Euphorbia characias 'Bruce's Dwarf' (Bruce's Dwarf Mediterranean Spurge) - A relatively short lived evergreen shrubby perennial to 18 to 30 inches tall by as wide with long semi-upright stems rising from the plant base holding spirally arranged gray-green 3 to 5 inch long narrow leaves. The gray-green foliage is attractive year-round and in spring and summer the large clusters of chartreuse cup-shaped flower bract blooms held above the foliage at the stem tips are amazingly showy.
Plant in full sun to light shade in a dry moderately well drained soil and water sparingly to occasionally - this is a drought tolerant plant in coastal California. In garden conditions it does an excellent job of seeding itself out, so look forward (or beware) that this plant is likely to spread about. Seedlings are easy to pull so one can leave where they like and remove where they don't.
Plant in full to part day sun in a moderately well-drained soil and irrigate occasionally to infrequently - this is a drought tolerant plant in coastal California gardens. It is hardy to around 14 °F and tolerant of seaside conditions and saline soils. Cutting spent flowering stems back at the base of the plant freshens the plant up and prolongs its lifespan, which is generally from 3 to 5 years, but avoid contacting the sticky white latex that bleeds freely from cut stems as it can be irritating to some (definitely don't want to get it in the eyes or eat it) and is also hard to wash off skin and clothes. This is a very attractive and pest free plant for mediterranean climate gardens.
The species, Euphorbia characias is native to Southern Europe, Turkey. The name for the genus is derived from Euphorbus, the Greek physician of King Juba II of Numidia and later of Mauritania. In 12 B.C. King Juba named a cactus-like plant he found in the Atlas Mountains after his physician and later Carl Linnaeus assigned the name Euphorbia to the entire genus. The specific epithet was the Greek name used by Dioscorides for the plant, which was long used medically for the compounds it contains.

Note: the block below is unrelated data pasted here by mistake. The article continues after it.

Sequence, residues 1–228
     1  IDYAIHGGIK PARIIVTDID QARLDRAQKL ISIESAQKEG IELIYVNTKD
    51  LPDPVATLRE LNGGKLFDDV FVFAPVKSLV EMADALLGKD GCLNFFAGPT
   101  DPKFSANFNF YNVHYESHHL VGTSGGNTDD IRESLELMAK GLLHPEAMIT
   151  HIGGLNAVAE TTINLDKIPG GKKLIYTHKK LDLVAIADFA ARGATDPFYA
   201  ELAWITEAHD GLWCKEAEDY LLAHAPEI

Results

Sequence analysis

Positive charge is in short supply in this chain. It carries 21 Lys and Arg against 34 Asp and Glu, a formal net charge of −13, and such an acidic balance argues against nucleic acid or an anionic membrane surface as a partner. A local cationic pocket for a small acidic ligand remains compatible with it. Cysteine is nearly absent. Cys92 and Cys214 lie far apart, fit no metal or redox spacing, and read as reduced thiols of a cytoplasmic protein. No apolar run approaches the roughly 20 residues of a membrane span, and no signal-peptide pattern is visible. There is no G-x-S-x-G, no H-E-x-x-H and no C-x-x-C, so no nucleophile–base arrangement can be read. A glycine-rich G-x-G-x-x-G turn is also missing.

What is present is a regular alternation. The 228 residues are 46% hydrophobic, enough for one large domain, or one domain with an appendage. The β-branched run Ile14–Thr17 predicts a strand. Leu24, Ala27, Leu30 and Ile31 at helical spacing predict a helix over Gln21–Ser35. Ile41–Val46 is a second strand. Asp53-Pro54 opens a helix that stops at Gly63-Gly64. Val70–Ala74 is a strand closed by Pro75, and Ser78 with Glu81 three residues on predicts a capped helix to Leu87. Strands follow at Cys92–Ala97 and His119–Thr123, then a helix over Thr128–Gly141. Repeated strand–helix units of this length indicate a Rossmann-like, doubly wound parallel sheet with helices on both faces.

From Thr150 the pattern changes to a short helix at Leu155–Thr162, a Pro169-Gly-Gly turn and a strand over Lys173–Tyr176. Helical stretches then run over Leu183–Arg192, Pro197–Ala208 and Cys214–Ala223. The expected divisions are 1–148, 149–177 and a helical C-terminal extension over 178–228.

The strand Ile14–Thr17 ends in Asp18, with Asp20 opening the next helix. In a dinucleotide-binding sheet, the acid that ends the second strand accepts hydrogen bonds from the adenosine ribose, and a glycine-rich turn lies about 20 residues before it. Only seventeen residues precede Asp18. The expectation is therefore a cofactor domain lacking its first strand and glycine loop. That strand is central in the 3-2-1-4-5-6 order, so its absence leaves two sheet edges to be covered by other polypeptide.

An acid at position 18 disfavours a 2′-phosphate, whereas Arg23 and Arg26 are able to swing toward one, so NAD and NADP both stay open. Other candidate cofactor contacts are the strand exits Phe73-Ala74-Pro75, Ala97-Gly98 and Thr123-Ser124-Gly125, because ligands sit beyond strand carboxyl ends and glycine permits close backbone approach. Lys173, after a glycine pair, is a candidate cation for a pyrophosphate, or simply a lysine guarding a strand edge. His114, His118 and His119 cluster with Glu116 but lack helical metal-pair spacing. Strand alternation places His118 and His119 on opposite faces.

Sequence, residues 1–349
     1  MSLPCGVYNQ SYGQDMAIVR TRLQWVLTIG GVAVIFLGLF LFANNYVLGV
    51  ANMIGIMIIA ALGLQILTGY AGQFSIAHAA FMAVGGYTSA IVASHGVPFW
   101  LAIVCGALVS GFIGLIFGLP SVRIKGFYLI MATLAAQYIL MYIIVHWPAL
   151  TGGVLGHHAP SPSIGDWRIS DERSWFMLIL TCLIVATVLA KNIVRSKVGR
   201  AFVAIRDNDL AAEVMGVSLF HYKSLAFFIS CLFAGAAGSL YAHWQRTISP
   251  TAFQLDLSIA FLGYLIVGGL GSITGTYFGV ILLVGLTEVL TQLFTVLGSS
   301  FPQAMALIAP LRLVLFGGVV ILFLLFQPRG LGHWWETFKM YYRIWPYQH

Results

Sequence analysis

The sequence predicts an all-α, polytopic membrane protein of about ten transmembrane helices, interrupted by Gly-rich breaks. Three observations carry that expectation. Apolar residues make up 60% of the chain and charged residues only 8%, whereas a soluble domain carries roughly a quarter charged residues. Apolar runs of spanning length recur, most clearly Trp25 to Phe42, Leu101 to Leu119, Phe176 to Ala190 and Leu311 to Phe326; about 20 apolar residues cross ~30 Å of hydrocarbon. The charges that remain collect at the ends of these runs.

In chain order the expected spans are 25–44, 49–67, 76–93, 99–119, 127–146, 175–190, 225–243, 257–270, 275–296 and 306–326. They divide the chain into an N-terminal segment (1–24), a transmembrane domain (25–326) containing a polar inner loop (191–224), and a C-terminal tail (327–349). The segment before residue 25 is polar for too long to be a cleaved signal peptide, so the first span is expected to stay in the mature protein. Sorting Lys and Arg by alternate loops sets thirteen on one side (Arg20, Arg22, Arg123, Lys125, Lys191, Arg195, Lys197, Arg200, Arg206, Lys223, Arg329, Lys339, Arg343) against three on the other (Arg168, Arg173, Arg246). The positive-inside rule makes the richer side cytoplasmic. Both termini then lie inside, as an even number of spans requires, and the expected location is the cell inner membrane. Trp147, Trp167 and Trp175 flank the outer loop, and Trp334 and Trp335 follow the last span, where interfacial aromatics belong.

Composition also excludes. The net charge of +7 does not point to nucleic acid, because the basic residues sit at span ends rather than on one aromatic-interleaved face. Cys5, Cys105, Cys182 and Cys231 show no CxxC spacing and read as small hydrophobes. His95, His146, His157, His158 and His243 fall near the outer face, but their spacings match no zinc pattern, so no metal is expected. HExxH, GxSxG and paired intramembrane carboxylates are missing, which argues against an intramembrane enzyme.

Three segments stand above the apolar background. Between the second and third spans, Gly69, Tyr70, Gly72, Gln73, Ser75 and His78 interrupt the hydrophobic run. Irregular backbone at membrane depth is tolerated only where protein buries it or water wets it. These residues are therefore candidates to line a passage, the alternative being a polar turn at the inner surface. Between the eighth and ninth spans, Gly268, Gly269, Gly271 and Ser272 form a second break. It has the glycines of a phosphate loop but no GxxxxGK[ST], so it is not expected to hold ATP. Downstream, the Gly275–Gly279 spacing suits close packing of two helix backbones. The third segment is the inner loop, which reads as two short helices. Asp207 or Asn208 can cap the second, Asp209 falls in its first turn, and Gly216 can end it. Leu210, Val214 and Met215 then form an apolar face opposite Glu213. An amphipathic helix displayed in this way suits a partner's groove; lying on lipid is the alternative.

The cultivar 'Bruce's Dwarf' is the name we gave to a cultivated form given to us in the late 1980s by local Santa Barbara horticulturist and garden writer, Bruce Van Dyke (1922-2016), as seedlings from plants that were growing in his garden. It is fairly close to the type specimen of Euphorbia characias, which is a smaller and denser version of the familiar Euphorbia characias ssp. wulfenii and remains. It seems to be a similar variety called Euphorbia characias 'Dumpty' that is widely cultivated in England. We have grown this plant continuously since 1990 from seed we collect after getting it established in our own garden.
Information about Euphorbia characias 'Bruce's Dwarf' displayed on this page is based on our research about it conducted in our library and gathered from reliable online sources. We include observations made of this plant as it grows in our nursery gardens and in other gardens that we have visited, as well as how the crops have performed in containers in our own nursery field. We will also incorporate comments that we receive from others about this plant when we feel it adds information and particularly welcome hearing from anyone who has any additional cultural recommendations that would aid others in growing it.